Meanwhile, the economic woes in Turkey could also bring problems for European sovereign debt, potentially affecting bond investors and governments who rely on the debt markets to fuel their spending plans.
“I don’t expect any euro zone country bond yields to really suffer due to Turkey, but on the margin the countries in the euro zone with the highest bond yields would probably be the ones who could feel some minor impact,” Hesse from Berenberg bank told CNBC via email.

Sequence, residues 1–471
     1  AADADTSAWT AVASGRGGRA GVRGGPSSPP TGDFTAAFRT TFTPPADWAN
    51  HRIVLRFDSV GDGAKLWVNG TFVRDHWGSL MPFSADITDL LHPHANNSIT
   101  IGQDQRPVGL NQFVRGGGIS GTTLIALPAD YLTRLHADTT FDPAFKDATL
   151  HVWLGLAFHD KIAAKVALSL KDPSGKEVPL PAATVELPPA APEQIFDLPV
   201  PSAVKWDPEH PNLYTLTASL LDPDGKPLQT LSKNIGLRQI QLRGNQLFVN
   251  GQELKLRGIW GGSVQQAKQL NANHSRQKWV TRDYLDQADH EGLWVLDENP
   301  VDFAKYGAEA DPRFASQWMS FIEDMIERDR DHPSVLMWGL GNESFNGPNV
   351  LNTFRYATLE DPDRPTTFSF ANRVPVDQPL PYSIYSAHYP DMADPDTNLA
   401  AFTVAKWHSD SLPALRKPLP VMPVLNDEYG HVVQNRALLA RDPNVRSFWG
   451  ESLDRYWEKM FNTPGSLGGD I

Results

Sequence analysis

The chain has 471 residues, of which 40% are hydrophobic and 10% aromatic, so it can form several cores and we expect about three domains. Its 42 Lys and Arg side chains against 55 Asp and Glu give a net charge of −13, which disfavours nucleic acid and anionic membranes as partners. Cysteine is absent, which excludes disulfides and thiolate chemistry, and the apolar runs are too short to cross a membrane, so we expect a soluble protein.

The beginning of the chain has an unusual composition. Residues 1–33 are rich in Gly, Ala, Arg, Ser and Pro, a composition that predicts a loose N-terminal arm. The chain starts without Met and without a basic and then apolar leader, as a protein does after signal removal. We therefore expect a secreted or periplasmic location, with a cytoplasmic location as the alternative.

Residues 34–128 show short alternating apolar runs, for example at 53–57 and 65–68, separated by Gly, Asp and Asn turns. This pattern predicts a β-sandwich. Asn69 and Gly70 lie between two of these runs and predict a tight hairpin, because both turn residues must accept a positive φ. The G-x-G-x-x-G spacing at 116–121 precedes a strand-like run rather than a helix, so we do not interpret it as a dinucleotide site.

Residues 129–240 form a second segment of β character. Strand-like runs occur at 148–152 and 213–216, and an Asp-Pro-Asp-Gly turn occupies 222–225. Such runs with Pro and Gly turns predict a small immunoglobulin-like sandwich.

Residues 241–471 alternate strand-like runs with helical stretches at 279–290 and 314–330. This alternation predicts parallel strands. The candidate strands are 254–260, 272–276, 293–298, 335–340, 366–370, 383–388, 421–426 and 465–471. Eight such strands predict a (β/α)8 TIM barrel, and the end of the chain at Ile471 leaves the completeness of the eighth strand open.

He mentioned that in this case Greece and Italy could be hit as well as Spain, “due to its higher-than-average bank exposure to Turkey.”
However, Ash played down risks that Turkey could become a sovereign debt problem. “I don’t see huge global contagion. Turkey is still a relatively small economy – (worth) $850 billion, and unlikely this will be sovereign debt event,” Ash said in an email.